Representations of animals and children abound in the Lady’s Magazine; I have written previously about John Legg’s love of wildlife and sympathy for hunted hares and foxes. Poems focusing on pets are common and range from the melancholy – ‘Verses written on the Death of Deborah’s Cat’ (LM XII [Sept 1782]: 495), to the curious – ‘Verses by a Gentleman to his Bird on his Parting with it to a Lady’ (LM VII [Dec 1776]: 661), to the downright odd – ‘Inscriptions on two monkey’s collars’ (LM XXII [May 1791]: 272). Serial features such as John Legg’s ‘Ornithology; or, A New and Complete Natural History of English Birds’ (1782-85) and Ann Murray’s ‘The Moral Zoologist’ (1800-05) provide the magazine’s readers with anecdotal and scientific information on animals both close to home and exotic. Across the genres, including tales that demonstrate the loyalty of dogs or the anecdotes regarding the sagacity of insects, animals are a frequent topic for the magazine’s contributors.
Likewise, children are ever-present in the magazine. In fiction, they appear in sentimental or moral tales such as Memoirs of a Young Lady (1783-86) or The Happy Discovery (LM XIX [March 1788]: 142) as beautiful and sweet, orphaned innocents. They are the focus of (sometimes terrifying) medical advice, the subject of advice queries to the Matron, or the characters in serial novels dealing with the trials of their management (‘The Mother-in-Law, 1785-86). And sometimes they are the intended readers of the items themselves.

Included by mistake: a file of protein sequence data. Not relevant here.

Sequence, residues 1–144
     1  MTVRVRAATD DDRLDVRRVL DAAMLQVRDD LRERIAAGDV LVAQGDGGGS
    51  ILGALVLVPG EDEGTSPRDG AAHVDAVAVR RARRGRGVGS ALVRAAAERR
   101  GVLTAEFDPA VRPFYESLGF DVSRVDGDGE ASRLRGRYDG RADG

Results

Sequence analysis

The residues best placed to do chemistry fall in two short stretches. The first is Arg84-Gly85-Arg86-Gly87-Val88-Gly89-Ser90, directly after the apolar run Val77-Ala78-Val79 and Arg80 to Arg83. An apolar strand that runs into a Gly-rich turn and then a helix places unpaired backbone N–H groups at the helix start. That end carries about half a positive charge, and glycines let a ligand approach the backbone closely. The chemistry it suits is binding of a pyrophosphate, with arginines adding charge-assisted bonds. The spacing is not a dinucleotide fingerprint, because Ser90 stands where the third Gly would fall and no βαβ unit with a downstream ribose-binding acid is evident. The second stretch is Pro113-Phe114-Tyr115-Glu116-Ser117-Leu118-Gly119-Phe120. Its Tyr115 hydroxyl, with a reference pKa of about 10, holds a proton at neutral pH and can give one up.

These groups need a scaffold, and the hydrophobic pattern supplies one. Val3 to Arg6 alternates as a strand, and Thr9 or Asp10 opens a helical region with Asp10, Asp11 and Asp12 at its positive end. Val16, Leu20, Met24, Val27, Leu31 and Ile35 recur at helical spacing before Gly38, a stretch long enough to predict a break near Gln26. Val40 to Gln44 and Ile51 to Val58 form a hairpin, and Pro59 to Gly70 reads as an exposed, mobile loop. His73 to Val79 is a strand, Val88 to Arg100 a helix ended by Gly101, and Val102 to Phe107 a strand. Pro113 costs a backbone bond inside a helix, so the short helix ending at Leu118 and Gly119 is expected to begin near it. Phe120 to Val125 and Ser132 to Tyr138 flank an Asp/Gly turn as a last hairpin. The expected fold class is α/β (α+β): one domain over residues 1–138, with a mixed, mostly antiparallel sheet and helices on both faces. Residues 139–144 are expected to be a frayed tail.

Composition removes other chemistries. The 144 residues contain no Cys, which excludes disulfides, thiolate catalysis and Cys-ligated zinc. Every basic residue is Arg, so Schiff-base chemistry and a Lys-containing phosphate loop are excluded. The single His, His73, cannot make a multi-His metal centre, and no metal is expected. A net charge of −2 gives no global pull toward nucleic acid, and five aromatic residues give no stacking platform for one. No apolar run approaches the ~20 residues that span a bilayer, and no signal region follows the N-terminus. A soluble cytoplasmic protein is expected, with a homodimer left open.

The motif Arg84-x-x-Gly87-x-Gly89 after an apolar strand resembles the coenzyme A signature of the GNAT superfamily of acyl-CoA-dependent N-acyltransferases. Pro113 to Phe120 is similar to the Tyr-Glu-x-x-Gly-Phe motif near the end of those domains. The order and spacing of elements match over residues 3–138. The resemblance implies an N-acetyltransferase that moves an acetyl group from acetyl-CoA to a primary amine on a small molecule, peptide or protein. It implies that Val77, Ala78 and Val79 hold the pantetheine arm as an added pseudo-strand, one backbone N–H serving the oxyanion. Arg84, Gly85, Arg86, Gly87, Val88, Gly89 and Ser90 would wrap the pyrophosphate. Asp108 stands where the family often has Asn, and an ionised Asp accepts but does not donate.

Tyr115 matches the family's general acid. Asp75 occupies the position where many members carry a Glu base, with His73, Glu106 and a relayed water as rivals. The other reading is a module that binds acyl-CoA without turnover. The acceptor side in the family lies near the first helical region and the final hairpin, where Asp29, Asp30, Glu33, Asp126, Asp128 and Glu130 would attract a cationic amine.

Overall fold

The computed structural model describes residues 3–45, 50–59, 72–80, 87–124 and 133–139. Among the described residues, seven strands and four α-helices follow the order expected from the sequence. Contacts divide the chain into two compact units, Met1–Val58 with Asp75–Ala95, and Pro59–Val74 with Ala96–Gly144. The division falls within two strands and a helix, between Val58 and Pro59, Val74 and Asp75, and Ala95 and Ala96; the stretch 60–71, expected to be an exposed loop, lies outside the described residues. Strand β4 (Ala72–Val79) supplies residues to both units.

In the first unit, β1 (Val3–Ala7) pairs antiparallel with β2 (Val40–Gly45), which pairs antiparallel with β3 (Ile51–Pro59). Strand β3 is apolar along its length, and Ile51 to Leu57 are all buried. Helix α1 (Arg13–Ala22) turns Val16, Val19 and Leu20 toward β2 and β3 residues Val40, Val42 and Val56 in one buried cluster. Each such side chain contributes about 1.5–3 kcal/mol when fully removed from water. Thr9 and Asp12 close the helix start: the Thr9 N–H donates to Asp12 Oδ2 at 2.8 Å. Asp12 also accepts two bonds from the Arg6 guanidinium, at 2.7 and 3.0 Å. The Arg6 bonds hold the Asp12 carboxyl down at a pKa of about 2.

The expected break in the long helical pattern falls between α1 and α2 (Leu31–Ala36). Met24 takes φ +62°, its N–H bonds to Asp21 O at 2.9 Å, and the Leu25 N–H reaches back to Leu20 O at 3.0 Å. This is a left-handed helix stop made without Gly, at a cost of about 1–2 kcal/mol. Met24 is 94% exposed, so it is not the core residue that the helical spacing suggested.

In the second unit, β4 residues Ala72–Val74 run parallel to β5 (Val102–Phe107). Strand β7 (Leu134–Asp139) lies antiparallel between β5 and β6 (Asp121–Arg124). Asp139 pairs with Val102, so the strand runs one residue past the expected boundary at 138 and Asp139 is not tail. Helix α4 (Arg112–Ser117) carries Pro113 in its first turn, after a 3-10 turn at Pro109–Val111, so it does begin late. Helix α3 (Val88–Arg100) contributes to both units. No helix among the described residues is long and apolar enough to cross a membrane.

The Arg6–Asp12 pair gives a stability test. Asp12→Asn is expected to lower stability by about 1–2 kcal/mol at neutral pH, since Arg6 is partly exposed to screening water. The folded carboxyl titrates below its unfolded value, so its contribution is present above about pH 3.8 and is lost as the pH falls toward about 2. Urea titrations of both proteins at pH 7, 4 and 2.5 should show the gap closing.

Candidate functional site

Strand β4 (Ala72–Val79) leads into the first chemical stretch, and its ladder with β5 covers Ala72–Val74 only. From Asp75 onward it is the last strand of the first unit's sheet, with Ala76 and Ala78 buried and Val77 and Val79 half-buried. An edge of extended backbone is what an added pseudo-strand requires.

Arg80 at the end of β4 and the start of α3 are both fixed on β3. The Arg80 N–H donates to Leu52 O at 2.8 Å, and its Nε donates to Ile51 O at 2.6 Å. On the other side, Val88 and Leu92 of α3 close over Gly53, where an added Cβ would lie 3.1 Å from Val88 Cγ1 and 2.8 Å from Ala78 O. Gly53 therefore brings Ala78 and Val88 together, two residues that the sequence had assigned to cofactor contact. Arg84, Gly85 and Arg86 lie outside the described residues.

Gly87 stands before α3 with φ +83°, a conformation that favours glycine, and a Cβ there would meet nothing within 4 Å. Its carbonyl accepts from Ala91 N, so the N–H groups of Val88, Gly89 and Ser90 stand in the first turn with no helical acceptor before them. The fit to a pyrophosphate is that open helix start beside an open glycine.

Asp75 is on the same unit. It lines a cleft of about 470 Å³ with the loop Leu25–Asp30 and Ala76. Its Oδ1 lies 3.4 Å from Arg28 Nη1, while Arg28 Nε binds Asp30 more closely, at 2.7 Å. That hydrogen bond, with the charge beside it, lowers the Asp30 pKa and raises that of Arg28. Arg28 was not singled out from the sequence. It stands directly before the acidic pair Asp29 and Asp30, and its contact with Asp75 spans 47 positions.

This is the case for the serial fiction ‘Domestic Lessons for the Use of the Younger Part of the Female Readers of the Lady’s Magazine’ (LM XVII [Supp 1786]: 705 – LM XXI [March 1790]: 137), a long-running feature that is comprised of a series of short, instructive tales with a moral or conduct lesson. The anonymous serial was introduced by the editors in the 1786 supplement as a work ‘never before published’ (LM XVII [Supp 1786]: 705) and in spite of my efforts, its authorship remains unknown. Many of the short tales within the serial feature animals as well as children, with unsettling results. One of the more disturbing tales is the ‘second lesson’, entitled ‘The Mad-Dog’.
The lesson revolves around a father and mother’s attempts to cure their daughter, Georgina, of her ‘teizing temper’ that displayed itself, from a very young age, in cruelty towards animals. Georgina Sagely, ‘from her earliest infancy [. . .] pretended to be very fond of animals: of birds, beasts, and even insects, only to get them into her power, that she might exercise a cruelty over them, which was at once inhuman and unwarrantable. She would coax her dog to come near her, and then beat him unmercifully; and would tempt cats with pieces of meat or fish, and then run pins into them till they screamed with pain’ (LM XVIII [April 1787]: 202). While the parents are described as ‘very indulgent’, the author implies both from her behaviour displaying itself from infancy, and from the presence of two brothers who are kind to animals, that the fault is inherent in Georgina rather than the result of her parents’ indulgency.